3.5.1 Introduction As was noted above (Section 3.1), observational research involves 'looking hard' at social situations and being systematic in noting what is occurring. The (participant) observer does not just observe and record the unusual or 'extreme' behaviour, but notes all types of social interaction and events. The observation researcher builds up what some commentators have called 'thick descriptions' or 'rich descriptions', which are detailed accounts that emphasise richness and depth of reported observation and dialogue.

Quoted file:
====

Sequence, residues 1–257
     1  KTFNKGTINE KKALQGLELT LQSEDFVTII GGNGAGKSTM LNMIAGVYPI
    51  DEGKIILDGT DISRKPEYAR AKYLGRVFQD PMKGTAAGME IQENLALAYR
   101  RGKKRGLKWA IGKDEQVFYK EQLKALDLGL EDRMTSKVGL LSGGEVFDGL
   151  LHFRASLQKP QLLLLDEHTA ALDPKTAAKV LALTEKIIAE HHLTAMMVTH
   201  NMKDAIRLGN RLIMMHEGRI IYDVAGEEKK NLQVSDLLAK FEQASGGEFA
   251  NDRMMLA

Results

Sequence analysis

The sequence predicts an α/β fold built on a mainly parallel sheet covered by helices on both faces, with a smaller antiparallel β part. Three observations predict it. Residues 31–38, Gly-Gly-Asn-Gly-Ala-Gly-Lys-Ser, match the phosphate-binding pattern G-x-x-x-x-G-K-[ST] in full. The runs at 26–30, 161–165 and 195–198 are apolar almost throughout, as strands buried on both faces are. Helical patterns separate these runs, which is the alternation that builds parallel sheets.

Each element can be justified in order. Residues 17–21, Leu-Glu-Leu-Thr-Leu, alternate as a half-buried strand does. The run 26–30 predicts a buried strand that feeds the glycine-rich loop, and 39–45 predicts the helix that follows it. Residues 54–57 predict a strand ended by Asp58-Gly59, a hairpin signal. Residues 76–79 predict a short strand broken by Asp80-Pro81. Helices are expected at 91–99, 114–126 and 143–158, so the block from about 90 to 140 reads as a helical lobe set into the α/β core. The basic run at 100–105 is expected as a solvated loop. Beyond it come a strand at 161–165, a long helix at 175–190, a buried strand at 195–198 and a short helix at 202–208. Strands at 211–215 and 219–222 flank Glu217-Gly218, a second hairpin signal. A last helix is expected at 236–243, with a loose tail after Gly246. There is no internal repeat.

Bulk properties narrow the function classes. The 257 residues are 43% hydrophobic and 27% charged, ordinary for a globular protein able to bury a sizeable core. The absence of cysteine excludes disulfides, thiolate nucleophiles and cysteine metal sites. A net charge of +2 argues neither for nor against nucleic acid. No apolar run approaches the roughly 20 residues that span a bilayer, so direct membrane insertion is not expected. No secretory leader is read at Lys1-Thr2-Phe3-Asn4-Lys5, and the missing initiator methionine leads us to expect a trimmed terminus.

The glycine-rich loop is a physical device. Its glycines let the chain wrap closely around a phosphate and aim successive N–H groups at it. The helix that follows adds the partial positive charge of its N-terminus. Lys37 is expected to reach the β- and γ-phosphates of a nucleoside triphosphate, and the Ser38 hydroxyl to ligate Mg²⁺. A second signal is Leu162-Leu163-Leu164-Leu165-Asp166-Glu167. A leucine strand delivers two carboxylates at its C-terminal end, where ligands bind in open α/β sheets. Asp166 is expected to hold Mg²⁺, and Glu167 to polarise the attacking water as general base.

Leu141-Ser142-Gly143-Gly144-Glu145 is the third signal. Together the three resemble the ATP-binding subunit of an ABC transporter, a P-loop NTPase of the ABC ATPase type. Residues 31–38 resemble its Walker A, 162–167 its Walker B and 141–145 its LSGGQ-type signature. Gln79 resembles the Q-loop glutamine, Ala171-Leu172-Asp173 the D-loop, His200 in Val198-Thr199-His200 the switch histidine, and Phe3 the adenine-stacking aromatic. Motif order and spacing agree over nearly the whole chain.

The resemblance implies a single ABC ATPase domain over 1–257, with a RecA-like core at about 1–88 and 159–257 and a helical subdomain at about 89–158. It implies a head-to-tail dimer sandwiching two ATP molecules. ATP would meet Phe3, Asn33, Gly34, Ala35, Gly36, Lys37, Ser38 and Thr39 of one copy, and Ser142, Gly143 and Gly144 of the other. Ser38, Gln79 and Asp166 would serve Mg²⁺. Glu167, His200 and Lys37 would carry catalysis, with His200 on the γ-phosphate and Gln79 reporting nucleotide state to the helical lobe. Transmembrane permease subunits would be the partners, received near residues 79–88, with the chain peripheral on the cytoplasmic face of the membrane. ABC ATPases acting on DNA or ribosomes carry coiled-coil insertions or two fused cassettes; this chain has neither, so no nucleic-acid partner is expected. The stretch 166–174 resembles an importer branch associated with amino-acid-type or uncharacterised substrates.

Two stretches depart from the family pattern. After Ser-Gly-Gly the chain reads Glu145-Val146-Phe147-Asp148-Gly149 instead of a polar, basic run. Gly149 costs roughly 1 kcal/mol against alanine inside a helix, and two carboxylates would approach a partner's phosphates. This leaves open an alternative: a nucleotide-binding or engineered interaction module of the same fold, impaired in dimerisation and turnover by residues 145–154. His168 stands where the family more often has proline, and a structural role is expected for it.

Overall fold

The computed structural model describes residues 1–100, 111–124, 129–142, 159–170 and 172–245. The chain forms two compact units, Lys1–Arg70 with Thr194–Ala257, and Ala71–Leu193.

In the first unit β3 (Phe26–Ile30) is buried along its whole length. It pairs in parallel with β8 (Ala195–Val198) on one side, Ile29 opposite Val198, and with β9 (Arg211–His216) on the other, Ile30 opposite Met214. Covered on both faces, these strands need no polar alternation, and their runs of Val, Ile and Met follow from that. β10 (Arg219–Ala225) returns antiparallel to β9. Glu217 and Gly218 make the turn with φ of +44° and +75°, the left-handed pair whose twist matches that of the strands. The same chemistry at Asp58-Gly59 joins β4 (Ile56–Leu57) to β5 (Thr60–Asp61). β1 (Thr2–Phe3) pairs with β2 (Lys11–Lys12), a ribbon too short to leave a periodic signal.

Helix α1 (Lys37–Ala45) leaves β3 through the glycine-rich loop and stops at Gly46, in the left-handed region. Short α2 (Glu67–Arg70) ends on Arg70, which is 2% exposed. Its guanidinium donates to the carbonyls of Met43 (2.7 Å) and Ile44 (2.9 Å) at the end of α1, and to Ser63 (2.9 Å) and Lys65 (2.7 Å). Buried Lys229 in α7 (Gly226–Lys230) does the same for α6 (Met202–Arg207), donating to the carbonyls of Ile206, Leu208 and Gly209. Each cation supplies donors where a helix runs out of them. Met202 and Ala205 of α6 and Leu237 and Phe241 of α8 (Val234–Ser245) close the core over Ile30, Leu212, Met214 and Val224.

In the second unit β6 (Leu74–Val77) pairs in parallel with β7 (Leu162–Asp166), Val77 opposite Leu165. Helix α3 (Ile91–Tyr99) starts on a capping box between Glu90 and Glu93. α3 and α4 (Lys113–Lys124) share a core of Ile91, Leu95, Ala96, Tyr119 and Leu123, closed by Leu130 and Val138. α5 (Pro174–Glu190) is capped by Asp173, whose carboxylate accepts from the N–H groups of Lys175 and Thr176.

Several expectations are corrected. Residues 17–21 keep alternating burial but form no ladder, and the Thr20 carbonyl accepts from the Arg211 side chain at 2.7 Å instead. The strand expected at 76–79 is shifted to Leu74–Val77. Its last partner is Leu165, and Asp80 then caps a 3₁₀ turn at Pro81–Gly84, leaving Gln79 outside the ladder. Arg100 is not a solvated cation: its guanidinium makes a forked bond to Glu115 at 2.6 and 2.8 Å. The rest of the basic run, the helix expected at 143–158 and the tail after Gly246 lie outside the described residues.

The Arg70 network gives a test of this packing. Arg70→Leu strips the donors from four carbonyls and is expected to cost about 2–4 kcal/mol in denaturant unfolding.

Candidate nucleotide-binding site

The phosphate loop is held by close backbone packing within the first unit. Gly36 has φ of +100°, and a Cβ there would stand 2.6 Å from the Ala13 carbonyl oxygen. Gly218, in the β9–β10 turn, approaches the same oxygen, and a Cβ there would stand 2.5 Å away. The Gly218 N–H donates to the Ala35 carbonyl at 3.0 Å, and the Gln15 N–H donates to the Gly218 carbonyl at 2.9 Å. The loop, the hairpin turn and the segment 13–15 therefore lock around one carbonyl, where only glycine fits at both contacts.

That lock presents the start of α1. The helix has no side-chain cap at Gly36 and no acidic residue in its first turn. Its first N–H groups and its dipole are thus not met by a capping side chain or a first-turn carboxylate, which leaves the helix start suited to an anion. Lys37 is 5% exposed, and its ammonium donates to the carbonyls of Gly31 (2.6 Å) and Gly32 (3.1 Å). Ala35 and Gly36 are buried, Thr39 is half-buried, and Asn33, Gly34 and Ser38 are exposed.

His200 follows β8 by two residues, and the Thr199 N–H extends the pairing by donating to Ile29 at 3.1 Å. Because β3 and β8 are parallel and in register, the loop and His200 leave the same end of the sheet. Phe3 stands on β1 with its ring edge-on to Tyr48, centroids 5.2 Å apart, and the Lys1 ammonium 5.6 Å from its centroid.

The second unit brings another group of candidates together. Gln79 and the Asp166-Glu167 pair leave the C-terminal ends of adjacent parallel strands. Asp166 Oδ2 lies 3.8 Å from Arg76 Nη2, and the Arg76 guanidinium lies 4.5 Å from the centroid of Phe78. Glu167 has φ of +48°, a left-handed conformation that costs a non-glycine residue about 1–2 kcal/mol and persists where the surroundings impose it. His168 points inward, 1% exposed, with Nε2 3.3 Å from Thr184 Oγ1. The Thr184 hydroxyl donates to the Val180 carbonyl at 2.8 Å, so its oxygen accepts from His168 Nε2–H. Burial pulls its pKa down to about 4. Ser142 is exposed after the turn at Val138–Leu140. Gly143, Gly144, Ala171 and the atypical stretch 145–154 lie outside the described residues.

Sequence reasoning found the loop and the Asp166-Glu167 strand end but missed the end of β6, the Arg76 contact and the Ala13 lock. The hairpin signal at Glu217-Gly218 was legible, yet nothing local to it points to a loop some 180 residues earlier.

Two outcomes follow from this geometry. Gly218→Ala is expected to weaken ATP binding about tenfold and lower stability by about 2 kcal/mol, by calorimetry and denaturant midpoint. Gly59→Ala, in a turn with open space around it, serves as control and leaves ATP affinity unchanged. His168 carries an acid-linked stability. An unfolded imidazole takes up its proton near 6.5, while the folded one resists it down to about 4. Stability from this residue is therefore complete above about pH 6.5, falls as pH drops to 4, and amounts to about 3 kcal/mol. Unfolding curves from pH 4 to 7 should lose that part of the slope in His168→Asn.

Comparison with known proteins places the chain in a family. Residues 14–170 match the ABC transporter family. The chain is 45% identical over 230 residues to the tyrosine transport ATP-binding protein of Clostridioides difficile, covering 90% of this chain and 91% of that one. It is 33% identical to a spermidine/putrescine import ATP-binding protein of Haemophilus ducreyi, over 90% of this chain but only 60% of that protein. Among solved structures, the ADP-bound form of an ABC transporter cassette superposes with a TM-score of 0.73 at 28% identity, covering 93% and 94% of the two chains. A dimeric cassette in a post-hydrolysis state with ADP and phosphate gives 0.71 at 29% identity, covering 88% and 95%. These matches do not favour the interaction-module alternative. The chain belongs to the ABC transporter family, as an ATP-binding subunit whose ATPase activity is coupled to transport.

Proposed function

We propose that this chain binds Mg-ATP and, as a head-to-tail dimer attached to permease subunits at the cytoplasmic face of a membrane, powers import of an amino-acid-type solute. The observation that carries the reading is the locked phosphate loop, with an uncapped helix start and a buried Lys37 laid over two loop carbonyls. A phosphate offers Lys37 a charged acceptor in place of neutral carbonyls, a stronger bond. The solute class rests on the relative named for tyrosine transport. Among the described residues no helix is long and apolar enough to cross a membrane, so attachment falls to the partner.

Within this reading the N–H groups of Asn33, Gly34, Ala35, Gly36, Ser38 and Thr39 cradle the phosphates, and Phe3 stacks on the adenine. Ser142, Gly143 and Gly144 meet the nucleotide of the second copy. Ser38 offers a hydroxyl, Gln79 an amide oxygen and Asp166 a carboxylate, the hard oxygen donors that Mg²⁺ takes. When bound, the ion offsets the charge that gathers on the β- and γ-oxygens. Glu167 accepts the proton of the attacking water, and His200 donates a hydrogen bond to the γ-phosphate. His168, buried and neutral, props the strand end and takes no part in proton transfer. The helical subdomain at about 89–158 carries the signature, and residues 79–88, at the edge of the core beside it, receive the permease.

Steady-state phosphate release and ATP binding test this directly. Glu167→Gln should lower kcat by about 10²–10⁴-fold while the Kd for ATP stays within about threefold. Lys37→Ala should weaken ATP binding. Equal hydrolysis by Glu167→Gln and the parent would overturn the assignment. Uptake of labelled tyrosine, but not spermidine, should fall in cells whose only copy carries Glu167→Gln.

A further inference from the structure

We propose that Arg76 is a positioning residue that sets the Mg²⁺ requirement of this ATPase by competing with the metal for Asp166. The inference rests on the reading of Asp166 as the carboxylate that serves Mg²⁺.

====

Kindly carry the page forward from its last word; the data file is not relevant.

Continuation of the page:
Field notes are the life-blood of observational research and sometimes researchers guard their notes jealously (see, for example, Filby's comments, Section 184.108.40.206). Anthropologists seem to treat their field notes with even more veneration. JeanJackson (1990) argued that a 'mystique' surrounds anthropological field notes, which manifests itself through protectiveness and a reverential attitude towards the notes, supported by apocryphal and real stories about their loss.